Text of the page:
Sepp and Josef Holzer
Krameterhof, Ramingstein, Austria
Now seen as one of the fathers of permaculture, Sepp Holzer took over his parents’ farmland in 1962 at the age of 20. Situated in the Austrian Alps at a high altitude (1,100 to 1,500 metres), the farm is a 45-hectare estate that is often covered in snow. Despite the location, climate and original vegetation, Krameterhof quickly became a laboratory to test out new agroecological practices. Sepp and then his son Josef have made it a nourishing land by promoting biodiversity instead of fighting it. They develop a wide variety of crops there, incorporate different types of animal husbandry, and create a balance by encouraging interdependence between fauna and flora. The estate takes the form of a series of terraces inspired by Asian paddy fields. Rainwater run-off is controlled by the creation of over 70 ponds, lakes and pools connected to each other, making it possible to raise ducks, geese, fish and even crayfish. These water reservoirs encourage the development of an ecosystem (insects, snakes, amphibians) and make it possible to balance the temperatures. When a pond empties out, the water then follows a stony path specially designed to purify and enrich it in oxygen, before reaching the next pond.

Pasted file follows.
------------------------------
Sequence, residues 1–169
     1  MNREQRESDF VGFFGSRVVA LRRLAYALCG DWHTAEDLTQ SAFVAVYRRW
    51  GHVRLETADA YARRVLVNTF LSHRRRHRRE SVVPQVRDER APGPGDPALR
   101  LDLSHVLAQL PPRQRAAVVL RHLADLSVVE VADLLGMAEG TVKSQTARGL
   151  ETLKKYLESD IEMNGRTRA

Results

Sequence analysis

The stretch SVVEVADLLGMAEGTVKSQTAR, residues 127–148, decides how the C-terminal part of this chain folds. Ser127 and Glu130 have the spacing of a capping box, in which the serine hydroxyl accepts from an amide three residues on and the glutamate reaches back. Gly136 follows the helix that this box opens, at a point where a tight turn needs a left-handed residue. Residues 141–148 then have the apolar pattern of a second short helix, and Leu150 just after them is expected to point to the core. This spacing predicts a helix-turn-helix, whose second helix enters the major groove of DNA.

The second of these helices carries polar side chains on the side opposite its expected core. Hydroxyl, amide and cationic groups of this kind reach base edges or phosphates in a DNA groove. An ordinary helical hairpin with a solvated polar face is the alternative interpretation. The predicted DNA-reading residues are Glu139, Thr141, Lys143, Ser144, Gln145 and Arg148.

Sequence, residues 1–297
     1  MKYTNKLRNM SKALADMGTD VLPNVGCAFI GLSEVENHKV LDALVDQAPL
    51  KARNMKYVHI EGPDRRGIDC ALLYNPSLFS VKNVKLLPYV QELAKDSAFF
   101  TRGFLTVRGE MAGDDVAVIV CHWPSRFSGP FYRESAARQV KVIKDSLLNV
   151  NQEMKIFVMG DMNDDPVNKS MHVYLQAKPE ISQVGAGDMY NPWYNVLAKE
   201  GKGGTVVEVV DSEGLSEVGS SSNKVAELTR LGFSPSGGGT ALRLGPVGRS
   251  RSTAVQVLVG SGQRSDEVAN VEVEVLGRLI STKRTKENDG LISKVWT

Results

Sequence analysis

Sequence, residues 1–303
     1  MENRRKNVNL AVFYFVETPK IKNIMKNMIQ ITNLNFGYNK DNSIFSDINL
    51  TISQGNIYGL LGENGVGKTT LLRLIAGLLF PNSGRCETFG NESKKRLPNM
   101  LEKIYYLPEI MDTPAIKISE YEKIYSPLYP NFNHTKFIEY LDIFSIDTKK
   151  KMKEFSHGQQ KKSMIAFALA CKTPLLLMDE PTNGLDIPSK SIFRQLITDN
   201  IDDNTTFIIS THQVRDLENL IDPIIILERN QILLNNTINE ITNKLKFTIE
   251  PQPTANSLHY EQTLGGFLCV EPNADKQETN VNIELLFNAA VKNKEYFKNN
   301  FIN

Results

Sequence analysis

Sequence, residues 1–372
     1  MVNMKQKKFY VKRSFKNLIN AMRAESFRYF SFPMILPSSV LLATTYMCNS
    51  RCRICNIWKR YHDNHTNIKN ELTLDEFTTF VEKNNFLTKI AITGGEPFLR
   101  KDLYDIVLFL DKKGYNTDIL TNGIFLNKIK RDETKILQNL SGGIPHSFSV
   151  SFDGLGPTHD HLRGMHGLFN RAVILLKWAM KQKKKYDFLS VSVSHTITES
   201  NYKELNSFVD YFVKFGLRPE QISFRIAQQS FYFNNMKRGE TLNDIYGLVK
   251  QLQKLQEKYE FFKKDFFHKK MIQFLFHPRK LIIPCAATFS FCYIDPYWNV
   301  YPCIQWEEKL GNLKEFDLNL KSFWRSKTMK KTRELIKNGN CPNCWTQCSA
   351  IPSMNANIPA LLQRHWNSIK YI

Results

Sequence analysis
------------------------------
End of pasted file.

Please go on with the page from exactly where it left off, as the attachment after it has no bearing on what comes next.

This system of terraces offers soil with enough moisture for crops, but it also preserves the mineral-rich humus. Each plot of land is sown with a mixture of 40 to 50 different plants, the network of roots created stabilises the ground and prevents erosion. The slopes between each terrace are planted with fruit trees and coppice trees that provide biomass that is useful for feeding animals, heating and fodder and for improving soil fertility.
The organisation and distribution of the crops are based on the site's natural resources to create cycles incorporating the energy required for the crops (water, minerals, nutrients). The estate is designed so that the crops receive as much sunlight as possible. Trees, shrubs and bushes protect crops from the wind, preventing the soil from cooling and drying out. Microclimates develop in highly protected spaces that accumulate natural heat: plants that normally require warmer climate conditions flourish against rocks or behind hedges and walls.
Culture en terrasses © Atelier CTJM
To enlarge image:
For more information: